A JOKE picture of a haggis family living free in the wilds of Scotland has fooled dozens of animal lovers around the globe.
The image – which has become a hit on social media – shows a mother haggis surrounding by four adorable infants.
Haggis are described in the Facebook post as “elusive” and “shy little creatures” that live in the beautiful Highland Countryside.
Despite looking like fluffy slippers, the hoax snap, posted by a jewellery firm, has been take literally by numerous Americans and Australians.
One American, Denise Richardson, from California, commented on the picture: “Is it like a duck? Can’t see the feet, can’t tell if that’s fur or feathers? Looks like some kind of bill. But so cuddly!”
Another American, Donald Temby, wrote: “The little critters look like puff-balls with noses, maybe you could describe what they are, so we Americans far across the sea have an idea. I am of Scottish heritage, but this is one I never heard of.”
Alicia Stewart, also from the States seemed confused, writing: “I have just read that there is no such thing as real Haggis’, they are a fictional creature. More information please, not sure if this is a joke?
Joan Schimmelman added: “So cute. Never heard of them before, thanks for the happy moment.”
Jo Callaghan, from Australia, wrote: “Wow, I never knew they existed. You don’t eat those do you?”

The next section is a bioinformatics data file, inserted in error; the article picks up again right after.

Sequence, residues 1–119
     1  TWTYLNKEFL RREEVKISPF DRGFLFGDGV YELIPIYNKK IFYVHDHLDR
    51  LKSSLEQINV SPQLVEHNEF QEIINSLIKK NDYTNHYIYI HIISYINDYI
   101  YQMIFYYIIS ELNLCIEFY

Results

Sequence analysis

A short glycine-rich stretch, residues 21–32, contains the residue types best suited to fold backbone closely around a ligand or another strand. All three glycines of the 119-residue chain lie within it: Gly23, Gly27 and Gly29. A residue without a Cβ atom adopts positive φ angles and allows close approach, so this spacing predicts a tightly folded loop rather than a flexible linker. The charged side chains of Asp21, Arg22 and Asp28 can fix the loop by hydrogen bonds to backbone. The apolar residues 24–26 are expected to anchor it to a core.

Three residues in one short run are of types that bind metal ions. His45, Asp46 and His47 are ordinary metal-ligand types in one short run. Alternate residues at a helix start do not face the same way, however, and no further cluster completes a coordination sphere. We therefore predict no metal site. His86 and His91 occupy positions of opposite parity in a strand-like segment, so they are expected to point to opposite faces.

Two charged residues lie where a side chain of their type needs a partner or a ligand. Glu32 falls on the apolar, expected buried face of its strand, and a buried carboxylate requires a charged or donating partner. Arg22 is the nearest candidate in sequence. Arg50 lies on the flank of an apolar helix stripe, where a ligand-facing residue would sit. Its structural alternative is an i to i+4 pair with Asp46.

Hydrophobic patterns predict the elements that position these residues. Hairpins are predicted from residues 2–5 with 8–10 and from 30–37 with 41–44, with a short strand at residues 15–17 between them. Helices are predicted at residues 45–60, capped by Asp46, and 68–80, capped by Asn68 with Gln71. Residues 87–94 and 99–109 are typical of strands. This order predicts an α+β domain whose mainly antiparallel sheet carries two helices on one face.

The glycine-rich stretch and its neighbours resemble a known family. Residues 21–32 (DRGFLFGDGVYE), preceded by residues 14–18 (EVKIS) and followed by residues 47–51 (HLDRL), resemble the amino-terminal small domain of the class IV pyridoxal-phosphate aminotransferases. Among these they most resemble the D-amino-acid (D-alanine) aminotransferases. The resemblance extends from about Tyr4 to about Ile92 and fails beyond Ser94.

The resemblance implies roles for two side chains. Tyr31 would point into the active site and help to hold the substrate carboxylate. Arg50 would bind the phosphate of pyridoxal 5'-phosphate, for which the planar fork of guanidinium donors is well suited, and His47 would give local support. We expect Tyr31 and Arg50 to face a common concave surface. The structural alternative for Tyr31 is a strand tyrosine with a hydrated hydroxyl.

Some Facebook jokers were quick to play along with the trick.
Matthew Bowden, commented: “That’s a farmed Haggis, or even a pet one. The wild ones are not as plump at this time of year as they are yet to fatten up on the new shoots of heather.”
Joanna Stewart, added: “Of course they are real- but they are very shy and don’t come out of hiding very often ‘ cause people hunt & kill them to eat with their neeps and tatties. Live this rare sighting off them!”
The caption on the picture states: “A rare pic of a wee family of Haggi (plural of haggis) they were spotted resting awhile in the hills and glens of our beautiful Highland Countryside…cute as buttons and rare as a set of teeth on a hen, enjoy the wonder of these shy little creatures at rest.”
The description continues: “To get a photograph this close to a Haggis and her haguettes (a baby haggis – which is not to be confused with a baguette) it is advised to disguise your scent with liberal amounts of whisky, and then adopt a stumbling gait, swerving from side to side, so that the animal won’t see you coming.”
The enduring myth of the haggis still contributes to the Scottish travel trade, a Hall’s of Broxburn online poll revealed a third of US visitors to Scotland thought haggis was an animal. 23% said they came to Scotland believing they could catch one.
Questions are also regularly posted on online forums, with tourists looking for advice on how to hunt or spot a Haggis in Scotland.
The Kelvingrove Art Gallery and Museum in Glasgow has a stuffed haggis in its taxidermy section in amongst real Scottish animals.
The photograph was posted on Facebook by Highland Treasures jewellery firm, based in Arbroath. No-one was available for comment.